Sarah Scott: Religion in Millenium Hall and The History of Sir George Ellison

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Curry, Rebecca Lee
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Middle Tennessee State University
Sarah Scott (1723-95), an eighteenth-century writer, historian, and social reformer, wrote in a variety of genres: romance, The History of Cornelia (1750); history, The History of Mechlenburgh (1762); utopia, A Description of Millenium Hall (1762); and novels, The History of Sir George Ellison (1766) and The Test of Filial Duty (1772) - to name a few. Forgotten for almost 250 years, she has begun to attract some critical attention in recent decades, almost all of which focuses on A Description of Millenium Hall and even less frequently, The History of Sir George Ellison. One subject that has hardly received any attention in this reevaluation is religion.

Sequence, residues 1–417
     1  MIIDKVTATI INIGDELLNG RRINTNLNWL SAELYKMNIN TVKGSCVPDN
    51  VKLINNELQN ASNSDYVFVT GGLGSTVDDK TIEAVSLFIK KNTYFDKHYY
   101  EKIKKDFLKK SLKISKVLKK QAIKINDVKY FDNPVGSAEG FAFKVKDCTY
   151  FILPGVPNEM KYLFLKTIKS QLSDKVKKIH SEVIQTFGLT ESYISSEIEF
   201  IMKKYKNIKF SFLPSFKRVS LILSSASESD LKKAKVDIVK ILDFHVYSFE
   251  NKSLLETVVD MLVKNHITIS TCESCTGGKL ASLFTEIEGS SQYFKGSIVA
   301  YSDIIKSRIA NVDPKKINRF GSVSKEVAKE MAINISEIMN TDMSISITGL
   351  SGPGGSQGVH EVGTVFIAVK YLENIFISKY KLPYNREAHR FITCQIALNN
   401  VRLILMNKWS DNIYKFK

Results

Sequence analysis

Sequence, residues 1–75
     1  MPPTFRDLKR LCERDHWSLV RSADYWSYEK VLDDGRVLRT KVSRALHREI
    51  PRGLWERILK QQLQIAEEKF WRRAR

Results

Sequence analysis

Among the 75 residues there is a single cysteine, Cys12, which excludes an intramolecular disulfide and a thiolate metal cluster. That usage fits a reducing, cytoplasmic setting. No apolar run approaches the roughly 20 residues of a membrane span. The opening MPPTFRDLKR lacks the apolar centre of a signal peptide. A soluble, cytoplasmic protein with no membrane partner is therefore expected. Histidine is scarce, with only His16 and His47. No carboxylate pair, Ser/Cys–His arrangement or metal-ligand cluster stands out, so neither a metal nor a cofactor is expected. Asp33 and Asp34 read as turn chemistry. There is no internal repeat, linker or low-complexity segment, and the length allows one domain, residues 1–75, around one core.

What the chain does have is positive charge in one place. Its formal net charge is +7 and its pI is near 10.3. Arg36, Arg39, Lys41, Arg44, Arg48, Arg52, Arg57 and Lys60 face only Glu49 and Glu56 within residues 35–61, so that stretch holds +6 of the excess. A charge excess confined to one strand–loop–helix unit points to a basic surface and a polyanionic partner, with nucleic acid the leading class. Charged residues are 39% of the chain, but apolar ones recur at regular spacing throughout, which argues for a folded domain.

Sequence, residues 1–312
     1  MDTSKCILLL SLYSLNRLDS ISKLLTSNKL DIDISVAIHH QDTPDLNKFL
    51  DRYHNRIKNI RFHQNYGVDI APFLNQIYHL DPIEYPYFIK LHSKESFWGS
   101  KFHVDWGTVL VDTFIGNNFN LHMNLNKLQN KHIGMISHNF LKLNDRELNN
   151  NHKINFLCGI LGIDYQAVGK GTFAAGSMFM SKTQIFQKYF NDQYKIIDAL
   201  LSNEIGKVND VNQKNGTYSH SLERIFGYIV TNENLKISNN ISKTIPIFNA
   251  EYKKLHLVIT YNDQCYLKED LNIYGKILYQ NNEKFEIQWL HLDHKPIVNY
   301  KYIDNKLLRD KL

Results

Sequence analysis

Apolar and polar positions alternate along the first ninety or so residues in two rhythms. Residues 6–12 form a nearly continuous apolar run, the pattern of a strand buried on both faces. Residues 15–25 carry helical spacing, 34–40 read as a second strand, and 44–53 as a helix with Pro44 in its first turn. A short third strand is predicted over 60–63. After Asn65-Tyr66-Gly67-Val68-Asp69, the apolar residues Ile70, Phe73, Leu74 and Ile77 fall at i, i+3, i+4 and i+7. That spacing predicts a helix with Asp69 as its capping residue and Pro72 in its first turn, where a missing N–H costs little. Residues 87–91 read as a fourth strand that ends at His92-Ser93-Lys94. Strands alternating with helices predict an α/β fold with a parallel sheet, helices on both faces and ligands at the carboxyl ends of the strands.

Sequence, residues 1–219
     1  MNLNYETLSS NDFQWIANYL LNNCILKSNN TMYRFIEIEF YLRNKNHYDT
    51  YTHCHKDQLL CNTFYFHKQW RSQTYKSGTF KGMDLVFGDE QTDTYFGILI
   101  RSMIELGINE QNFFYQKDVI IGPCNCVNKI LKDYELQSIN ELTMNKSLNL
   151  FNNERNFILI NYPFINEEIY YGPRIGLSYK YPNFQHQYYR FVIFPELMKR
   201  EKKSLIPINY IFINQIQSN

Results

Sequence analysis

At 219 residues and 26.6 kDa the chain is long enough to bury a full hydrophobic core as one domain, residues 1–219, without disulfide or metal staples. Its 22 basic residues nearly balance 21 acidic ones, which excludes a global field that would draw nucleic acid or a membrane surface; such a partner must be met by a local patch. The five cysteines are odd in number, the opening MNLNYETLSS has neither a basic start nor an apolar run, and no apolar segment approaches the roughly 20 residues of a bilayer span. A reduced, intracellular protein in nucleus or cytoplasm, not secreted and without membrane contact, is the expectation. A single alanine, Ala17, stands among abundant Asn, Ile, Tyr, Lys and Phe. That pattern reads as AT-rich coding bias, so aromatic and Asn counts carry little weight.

This thesis attempts to show that Christianity - more specifically, Anglicanism - is the basis for the utopian social vision of Millenium Hall and, more than a decade before the mainstreaming of the abolitionist movement, for Scott's critique of slavery and the slave trade in The History of Sir George Ellison, the two texts in which Scott's religious principles manifest themselves most clearly. Following an introductory chapter which briefly addresses relevant biographical contexts and introduces the historical and literary contexts in which Scott has been discussed by scholars, the chapter on Millenium Hall shows how Scott's utopian vision of a landed estate owned and run by women is based on a combination of Enlightenment rationalism and latitudinarian principles. The novel offers, in other words, the construction of a proto-feminist utopian community based on the reconciliation of reason and faith. The following chapter, which focuses on The History of Sir George Ellison, discusses the ways in which the novel offers a critique of slavery from the same perspective, that of religion. Just as the primary focus of Millenium Hall is the construction of a secluded utopian community meant, eventually, to be spread across England - Scott suggests that any estate can, and should be, run like Millenium Hall - so Sir George Ellison suggests that the ameliorationist perspective of the eponymous protagonist, embodied by his planation, should be widely imitated.